Paul's Heart

Life As A Dad, And A Survivor

9 Years Later… I Still Miss My Dad

I have been missing in action here for the last few weeks. I made the rare decision, that for the first time in my life, I was going to focus on me. For as long as I can remember, my attention has always been on everyone else, except for me. Admittedly, I honestly felt, this was the only way to give my life a purpose. The option of calm sacrificed for intensity, often referred to as some of my friends and co-workers would say, drama. I was often referred to as being “attracted to drama.” I denied this every time it was said to me. I mean seriously, who would really choose to want to live their life, constantly on adrenaline filled strife. I am one who knows first hand, that the stress created, is capable of causing death, in my case, it almost did just before I had my heart surgery back in 2008.

With a major chapter in my life now closed after nearly ten years, my second divorce, and my health in a stable pattern, for the first time, I am not dealing with any “drama.” With clear thinking, not to be confused with my memory which is a different situation, I now focus on the things that bring me joy, and to be able to dream of things to come. I can think about my younger daughter’s final days as a high school senior, her prom, and soon to be graduation, things I never thought I would live long enough to experience. The timing could not be better for me.

And then today comes, May 20th. Two things happened on this date. I got married for my first time, soon after my first attempt to be cured of Hodgkin’s Lymphoma. The second thing that happened, my father passed away on this date, now nine years ago.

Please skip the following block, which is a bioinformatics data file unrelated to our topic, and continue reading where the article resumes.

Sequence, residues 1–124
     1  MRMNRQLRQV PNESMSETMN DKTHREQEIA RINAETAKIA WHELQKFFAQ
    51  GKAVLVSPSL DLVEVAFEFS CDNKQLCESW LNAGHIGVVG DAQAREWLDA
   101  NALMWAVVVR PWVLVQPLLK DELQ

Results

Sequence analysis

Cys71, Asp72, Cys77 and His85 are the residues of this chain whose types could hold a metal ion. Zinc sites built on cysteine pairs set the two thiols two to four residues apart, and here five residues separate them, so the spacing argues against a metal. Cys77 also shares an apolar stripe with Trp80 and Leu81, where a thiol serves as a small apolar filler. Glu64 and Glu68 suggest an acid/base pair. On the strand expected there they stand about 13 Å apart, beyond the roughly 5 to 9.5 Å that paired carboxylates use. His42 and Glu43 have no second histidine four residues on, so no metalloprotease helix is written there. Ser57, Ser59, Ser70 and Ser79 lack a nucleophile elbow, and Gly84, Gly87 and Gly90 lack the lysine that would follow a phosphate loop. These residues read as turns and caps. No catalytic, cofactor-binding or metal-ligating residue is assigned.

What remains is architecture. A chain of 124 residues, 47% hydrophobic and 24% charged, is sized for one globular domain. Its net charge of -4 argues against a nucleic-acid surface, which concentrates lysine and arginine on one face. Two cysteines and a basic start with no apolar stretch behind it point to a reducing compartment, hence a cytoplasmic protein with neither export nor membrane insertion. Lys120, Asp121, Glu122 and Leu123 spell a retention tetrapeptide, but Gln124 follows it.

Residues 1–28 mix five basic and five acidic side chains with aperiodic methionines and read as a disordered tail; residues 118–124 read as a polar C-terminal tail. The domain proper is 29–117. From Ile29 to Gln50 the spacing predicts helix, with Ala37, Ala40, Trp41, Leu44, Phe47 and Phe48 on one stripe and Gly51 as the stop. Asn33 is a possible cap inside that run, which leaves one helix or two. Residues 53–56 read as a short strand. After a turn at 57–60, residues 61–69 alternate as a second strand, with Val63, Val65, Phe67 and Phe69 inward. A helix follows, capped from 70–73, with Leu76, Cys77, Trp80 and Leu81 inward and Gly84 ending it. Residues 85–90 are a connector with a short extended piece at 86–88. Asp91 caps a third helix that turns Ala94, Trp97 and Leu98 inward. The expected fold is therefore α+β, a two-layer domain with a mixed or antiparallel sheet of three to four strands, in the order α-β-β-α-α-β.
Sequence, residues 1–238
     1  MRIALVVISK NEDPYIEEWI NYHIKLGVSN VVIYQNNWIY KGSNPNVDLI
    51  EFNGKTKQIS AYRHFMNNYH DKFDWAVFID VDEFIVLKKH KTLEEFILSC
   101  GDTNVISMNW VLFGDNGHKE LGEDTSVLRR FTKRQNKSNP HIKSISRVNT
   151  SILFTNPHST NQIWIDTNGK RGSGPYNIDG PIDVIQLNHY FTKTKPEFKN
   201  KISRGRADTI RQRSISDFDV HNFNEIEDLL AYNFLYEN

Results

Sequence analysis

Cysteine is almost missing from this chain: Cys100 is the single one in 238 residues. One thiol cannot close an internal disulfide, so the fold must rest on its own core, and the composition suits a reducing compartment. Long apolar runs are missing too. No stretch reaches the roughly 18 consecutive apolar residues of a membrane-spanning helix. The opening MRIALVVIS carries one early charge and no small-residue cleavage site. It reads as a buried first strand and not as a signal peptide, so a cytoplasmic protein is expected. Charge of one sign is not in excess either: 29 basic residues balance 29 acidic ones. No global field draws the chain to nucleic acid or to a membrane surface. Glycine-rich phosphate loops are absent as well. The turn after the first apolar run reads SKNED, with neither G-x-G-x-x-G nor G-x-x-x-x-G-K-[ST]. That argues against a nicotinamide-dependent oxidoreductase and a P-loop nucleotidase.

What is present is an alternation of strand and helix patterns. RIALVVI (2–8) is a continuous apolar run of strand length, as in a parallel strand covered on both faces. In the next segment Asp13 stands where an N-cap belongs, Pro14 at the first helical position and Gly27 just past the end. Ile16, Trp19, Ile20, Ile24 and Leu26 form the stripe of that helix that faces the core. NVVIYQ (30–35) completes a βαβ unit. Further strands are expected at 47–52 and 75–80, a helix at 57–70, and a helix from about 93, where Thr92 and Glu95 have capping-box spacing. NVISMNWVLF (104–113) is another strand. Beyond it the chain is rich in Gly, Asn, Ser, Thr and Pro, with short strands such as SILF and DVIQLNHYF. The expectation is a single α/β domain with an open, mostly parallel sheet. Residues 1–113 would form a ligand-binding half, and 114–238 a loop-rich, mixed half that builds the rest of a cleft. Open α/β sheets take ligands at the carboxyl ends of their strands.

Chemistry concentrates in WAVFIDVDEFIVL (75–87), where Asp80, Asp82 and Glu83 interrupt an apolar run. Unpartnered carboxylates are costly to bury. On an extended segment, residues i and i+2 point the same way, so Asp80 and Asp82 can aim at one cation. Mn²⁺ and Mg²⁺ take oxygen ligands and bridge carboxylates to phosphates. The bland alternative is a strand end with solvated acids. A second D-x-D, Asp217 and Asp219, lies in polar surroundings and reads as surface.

A month and a half after this photo was taken, my Father passed away from complications of lung cancer. Over a year earlier, doctors had been encouraged that his cancer was at the best stage for remission, yet somehow, the cancer had a different plan, an aggressive and rapid plan, that would have us all fooled that my Dad was going to beat this, and then all of a sudden take such a drastic turn, turning terminal.

My Father asked me to be his medical proxy, also known as an advocate, because he knew with my past history with cancer, I would understand most of everything explained to him, so that I could make sure he knew what he was up against. We had a complex relationship, estranged childhood, but an adult relationship that allowed us to make amends on several fronts. Ironically, in the beginning of his diagnosis, and when he asked me to be his proxy, we talked about how he was unable to be there for me when I went through my Hodgkin’s, and now, he was actually asking for me to be there for him. Of course, I said yes. I believed that he could have no one better fighting along his side. He believed that I would always look out for him, help him to make his decisions, and most importantly, make sure his personal wishes were followed, no matter what.

I will not rehash what happened with my Dad’s cancer on this post. I have written about it several times in the past. Instead, today, I find that peace that I have been experiencing the last few weeks leaving me vulnerable now, to deal with something I was unable to do, I was prevented from doing so, nine years ago and since, grieve for my Father. The last closest family member to me to pass, was my Grandmother, fifteen years earlier. Unlike with my Dad, I was able to grieve for my Grandmother.